liha Proto-Finnic *osa 'meat', cognate with Proto-Saami *oance 'meat', is preserved only in Livonian
. In other languages, this word is replaced by Proto-Finnic *liha (cf.
The brachiopods from the Livonian
Basin have been insufficiently studied and are identified at different taxonomic levels (Table S3).
I must point out that this detail was not mentioned in the trial against "Old Thiess." Many years later, after a long research trajectory, I inscribed both the Livonian
case and the benandanti in a much larger (in fact, Eurasian) perspective, focusing on shamanism and its varieties: one of the elements, I argued, that ultimately entered into the stereotype of the Witches' Sabbath (Ginzburg 1989a; 1991b; 2003).
In the sumptuary laws of Livonian
towns there was one constantly repeated requirement regarding the fabric used for clothing: wearing garments or adornments made of silk were prohibited or restricted (e.g.
Between 1345 and 1382, the Knights of the Cross attacked from Prussia some 70 times, while the Livonian
Knights of the Sword made 30 military forays.
During the given research 11 Livonian
villages were surveyed and evaluated (in brackets the Liv names of the villages are given): Vaide (Vaid), Saunags (Sanag), Pitrags (Pitrog), Kosrags (Kostrog), Mazirbe (Ira), Sikrags (Sikrog), Jaunciems (Uzkila), Lielirbe (Ira), Mikeltornis (Piza), Luzna (Luz), Ovisi (Patikmo) (Zirnite, 2011) (Figs 2 and 3).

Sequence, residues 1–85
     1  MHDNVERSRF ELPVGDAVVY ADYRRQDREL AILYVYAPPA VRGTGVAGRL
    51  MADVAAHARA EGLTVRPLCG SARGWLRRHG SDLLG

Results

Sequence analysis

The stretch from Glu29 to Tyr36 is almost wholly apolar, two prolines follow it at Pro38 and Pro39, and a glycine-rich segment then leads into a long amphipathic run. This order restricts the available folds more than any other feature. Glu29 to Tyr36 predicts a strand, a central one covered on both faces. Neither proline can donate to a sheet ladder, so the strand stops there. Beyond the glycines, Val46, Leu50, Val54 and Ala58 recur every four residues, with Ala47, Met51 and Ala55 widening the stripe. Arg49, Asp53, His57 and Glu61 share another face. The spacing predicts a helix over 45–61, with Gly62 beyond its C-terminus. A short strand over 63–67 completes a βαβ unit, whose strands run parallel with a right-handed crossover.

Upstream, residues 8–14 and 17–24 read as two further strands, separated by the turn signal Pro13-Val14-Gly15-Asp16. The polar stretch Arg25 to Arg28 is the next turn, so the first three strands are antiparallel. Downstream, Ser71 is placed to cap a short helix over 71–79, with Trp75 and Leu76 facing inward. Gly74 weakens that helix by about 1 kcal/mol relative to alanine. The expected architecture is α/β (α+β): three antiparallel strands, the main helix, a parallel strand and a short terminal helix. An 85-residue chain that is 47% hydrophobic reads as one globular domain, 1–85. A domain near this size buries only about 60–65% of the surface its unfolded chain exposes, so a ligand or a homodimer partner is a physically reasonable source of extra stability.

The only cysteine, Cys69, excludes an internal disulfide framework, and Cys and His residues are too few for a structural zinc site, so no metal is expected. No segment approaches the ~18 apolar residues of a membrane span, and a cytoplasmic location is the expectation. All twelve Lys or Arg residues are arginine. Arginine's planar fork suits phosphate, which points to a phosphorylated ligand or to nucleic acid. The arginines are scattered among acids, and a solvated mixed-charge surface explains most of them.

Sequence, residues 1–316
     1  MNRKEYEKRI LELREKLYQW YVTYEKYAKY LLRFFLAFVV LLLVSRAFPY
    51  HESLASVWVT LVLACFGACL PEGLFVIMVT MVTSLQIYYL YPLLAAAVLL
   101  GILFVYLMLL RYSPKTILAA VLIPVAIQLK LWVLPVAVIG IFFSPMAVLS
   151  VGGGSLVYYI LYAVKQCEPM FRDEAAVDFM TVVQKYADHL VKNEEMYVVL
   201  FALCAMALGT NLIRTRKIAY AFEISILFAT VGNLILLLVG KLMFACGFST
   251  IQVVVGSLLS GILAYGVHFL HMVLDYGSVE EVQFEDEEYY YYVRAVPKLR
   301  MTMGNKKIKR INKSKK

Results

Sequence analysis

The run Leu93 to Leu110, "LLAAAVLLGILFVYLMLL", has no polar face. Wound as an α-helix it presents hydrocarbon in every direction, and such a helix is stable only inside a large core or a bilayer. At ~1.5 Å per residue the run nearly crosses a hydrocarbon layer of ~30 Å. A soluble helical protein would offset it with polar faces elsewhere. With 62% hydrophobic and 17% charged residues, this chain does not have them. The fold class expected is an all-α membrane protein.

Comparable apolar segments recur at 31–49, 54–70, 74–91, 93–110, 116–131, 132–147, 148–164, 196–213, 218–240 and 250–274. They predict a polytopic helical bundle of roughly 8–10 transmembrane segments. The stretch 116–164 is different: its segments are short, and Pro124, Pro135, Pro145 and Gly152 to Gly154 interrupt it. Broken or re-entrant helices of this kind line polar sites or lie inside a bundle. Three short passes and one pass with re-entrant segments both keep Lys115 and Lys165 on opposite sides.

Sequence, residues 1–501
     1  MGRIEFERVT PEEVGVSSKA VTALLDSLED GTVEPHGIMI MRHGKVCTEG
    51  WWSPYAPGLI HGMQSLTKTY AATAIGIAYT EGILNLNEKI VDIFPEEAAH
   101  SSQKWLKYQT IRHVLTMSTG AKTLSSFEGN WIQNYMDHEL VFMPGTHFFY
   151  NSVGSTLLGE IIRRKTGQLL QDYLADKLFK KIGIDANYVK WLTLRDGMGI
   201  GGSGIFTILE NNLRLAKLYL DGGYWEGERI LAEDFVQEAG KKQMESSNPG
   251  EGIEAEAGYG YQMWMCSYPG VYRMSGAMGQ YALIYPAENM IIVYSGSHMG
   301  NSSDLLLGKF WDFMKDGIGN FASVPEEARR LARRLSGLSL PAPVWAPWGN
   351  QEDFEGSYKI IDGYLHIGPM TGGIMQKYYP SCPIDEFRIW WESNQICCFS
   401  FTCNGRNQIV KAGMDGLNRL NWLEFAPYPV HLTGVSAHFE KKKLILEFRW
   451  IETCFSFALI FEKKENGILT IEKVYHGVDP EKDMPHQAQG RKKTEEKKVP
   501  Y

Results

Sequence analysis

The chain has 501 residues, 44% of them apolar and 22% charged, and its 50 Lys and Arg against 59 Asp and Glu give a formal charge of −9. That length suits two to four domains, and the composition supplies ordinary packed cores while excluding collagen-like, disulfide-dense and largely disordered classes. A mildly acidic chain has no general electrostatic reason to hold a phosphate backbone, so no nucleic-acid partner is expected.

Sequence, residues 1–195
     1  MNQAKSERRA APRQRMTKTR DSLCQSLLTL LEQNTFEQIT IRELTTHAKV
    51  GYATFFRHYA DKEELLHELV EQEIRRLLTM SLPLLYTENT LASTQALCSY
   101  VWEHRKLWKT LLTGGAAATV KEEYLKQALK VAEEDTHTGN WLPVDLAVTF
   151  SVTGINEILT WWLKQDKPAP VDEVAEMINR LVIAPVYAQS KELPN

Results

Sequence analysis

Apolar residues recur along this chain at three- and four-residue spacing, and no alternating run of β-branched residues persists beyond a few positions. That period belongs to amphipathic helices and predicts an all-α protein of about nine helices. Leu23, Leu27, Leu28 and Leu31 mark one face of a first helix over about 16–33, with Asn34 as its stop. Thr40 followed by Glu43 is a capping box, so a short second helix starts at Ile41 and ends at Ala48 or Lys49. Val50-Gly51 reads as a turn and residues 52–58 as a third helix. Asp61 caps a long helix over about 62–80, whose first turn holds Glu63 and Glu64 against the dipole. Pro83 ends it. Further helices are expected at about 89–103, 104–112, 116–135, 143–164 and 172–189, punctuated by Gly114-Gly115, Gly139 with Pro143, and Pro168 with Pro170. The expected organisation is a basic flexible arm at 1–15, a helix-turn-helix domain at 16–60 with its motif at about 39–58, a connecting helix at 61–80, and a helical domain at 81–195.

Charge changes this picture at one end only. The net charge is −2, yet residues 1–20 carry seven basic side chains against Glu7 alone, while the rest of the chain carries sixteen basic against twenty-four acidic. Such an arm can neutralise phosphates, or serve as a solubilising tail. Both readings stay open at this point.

We cross a wooden bridge, pass an aged watermill, and look up at the fallen gray ruins of the 13th century Livonian
True, he was counting on the support of Livonian
is being revived by young people reciting poetry in the language.
The item noted, for example, that according to a United Nations agency, only one person on Earth, a Latvian, still speaks Livonian
. And further, that a native language in Alaska called Eyak is no longer heard anywhere because its lone remaining speaker passed away last year.
The only other autochthonous language in Latvia, the Livonian
language (livo kel), belongs to the Finno-Ugric family of languages.
(5.) Janet Martin, "The Novokshcheny of Novgorod: Assimilation in the 16th Century," Central Asian Survey 9:2 (1990): 13-38; Martin, "Multiethnicity in Muscovy: A Consideration of Christian and Muslim Tatars in the 1550s-1580s," Journal of Early Modern History 5:1 (2001): 1-23; and Martin, "Tatars in the Muscovite Army during the Livonian
War," in The Military and Society in Russia, 1450-1917, ed.